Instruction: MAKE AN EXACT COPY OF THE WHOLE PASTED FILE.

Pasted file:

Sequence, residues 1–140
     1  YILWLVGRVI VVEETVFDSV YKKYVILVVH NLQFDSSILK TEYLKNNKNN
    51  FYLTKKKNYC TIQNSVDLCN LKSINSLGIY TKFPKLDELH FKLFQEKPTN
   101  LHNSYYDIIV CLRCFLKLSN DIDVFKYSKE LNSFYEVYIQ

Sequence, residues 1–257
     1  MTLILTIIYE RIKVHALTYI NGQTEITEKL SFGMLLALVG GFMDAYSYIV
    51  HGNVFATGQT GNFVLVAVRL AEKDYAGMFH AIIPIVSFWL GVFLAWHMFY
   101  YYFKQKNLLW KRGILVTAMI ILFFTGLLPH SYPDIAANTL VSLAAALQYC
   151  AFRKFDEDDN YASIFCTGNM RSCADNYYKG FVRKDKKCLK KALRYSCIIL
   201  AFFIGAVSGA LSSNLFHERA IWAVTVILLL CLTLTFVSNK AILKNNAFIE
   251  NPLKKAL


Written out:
Sequence, residues 1–140
     1  YILWLVGRVI VVEETVFDSV YKKYVILVVH NLQFDSSILK TEYLKNNKNN
    51  FYLTKKKNYC TIQNSVDLCN LKSINSLGIY TKFPKLDELH FKLFQEKPTN
   101  LHNSYYDIIV CLRCFLKLSN DIDVFKYSKE LNSFYEVYIQ

Sequence, residues 1–257
     1  MTLILTIIYE RIKVHALTYI NGQTEITEKL SFGMLLALVG GFMDAYSYIV
    51  HGNVFATGQT GNFVLVAVRL AEKDYAGMFH AIIPIVSFWL GVFLAWHMFY
   101  YYFKQKNLLW KRGILVTAMI ILFFTGLLPH SYPDIAANTL VSLAAALQYC
   151  AFRKFDEDDN YASIFCTGNM RSCADNYYKG FVRKDKKCLK KALRYSCIIL
   201  AFFIGAVSGA LSSNLFHERA IWAVTVILLL CLTLTFVSNK AILKNNAFIE
   251  NPLKKAL